Before last week, I had no idea there were people out there who run distances longer than traditional marathons. Turns out, as running shorter distances has become more and more popular, the sport of ultra running has also taken off. Ultra runners compete in 50K, 50 mile, 100K, and 100 mile races all over the country.
Next week’s cover story is an up-close and personal look at the sport and its competitors, and I got to sit down with three local ultra runners. Andy Jones-Wilkins, Sophie Speidel, and Neal Gorman are all married with children, full-time jobs, and other hobbies—they just happen to run 100 miles at a time on the weekends. I spent at least an hour chatting with each of them, and here are just a few of the gems they shared with me about their world.
What do you eat during a race?
Sophie: In the beginning I use Hammer Gel products and sport drinks. But I’m basically an eating machine, so late in a 100K, what’s worked really well has been eggs about six hours into the race, and about 40 miles in I’ll have a burger.
Andy: I take some protein early, and my standard at 30 miles is to eat yogurt with some granola in it. About 15 miles later I’ll eat a turkey sandwich with cheese and avocado. But typically after about 10 hours I can’t stomach solid food anymore and I go on all energy stuff—and even then I end up puking a couple times a race.
What’s your favorite distance to race?
Neal: I never put “K” on the end because I always run 50-milers and 100-milers; the 100-milers are my favorite.
Sophie: At the end of a 100-miler it’s like I’ve been run over by a truck, but I love how I feel at the end of a 100K, like I’ve just done a solid day’s work.
Do you listen to music while you run?
Andy: Only in the dark. I’m really unmotivated to wake up in the morning at 5 and get out in time, so when I have to do that I throw the music in. But most of the time I just zone out, get in a flow, and just run.
Neal: Nope, never.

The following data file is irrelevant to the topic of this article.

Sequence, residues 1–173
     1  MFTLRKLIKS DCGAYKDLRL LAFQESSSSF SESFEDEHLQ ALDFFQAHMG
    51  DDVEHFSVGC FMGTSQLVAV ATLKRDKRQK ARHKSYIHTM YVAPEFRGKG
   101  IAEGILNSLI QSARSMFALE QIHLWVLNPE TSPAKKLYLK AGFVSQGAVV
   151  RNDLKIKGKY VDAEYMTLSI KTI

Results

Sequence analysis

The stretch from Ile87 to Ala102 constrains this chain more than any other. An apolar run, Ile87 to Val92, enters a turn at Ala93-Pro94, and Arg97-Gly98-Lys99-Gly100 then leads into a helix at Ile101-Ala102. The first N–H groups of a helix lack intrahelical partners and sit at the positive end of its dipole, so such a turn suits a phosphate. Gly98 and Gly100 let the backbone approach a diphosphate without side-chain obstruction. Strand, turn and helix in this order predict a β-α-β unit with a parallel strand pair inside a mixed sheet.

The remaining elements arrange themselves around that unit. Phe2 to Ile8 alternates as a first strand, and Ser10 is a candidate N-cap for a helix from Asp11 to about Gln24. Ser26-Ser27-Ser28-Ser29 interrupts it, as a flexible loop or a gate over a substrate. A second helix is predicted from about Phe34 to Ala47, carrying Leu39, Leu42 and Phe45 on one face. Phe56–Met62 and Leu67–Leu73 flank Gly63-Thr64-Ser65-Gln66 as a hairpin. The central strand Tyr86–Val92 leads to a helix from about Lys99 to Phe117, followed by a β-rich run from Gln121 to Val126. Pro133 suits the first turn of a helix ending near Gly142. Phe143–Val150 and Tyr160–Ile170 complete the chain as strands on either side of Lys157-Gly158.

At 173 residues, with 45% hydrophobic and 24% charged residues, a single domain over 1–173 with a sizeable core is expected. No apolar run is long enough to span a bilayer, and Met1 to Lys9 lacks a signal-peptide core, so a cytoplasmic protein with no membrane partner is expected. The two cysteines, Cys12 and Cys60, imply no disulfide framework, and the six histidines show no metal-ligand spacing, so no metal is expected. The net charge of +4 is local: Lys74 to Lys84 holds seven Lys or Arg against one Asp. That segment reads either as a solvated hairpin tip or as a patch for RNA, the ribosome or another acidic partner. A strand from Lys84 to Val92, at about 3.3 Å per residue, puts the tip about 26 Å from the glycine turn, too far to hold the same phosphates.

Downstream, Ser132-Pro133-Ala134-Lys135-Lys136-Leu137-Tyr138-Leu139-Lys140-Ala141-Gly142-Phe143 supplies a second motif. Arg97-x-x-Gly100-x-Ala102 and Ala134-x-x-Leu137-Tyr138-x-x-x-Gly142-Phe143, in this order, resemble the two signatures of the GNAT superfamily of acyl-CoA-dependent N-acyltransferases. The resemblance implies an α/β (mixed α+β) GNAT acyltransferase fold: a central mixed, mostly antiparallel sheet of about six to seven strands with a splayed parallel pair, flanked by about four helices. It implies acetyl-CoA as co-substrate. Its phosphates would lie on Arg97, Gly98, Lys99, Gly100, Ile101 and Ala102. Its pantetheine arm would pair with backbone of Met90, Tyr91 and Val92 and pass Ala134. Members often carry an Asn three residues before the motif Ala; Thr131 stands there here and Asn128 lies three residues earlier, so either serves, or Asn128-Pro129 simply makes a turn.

What types of shoes do you wear?
Sophie: Once you find a shoe that really works for you, stick with it, and I would say replace them every two to three months. The one pair that works for me? inov-8, a British trail running company.
Andy: I switch between three to four pairs throughout the week, and now that I’m older, when I compete, I like to have a little more cushion than I used to.
Buckled under pressure
The 100-mile ultra marathon spawned from the Western States 100-Mile One-Day Ride, a horse race across the Sierra Nevada in Northern California. The prize for any rider who completed the race in under 24 hours was a big, shiny rodeo-style belt buckle. In 1974, rider Gordon Ainsleigh thought he’d have to drop out of the race due to a lame horse—until he decided to tackle the course on foot.
Ainsleigh not only survived running the rough terrain and made it to the finish line, but he did so in just under 24 hours, thus earning the same silver belt buckle his counterparts on horseback won. In the years following his feat on foot, fellow runners began attempting the race sans horse, and the 100-mile trail ultra-marathon was born. To this day, competitors who complete 100-milers before the 24-hour mark receive a belt buckle.
For the full story, pick up a copy of C-VILLE on Tuesday, October 9.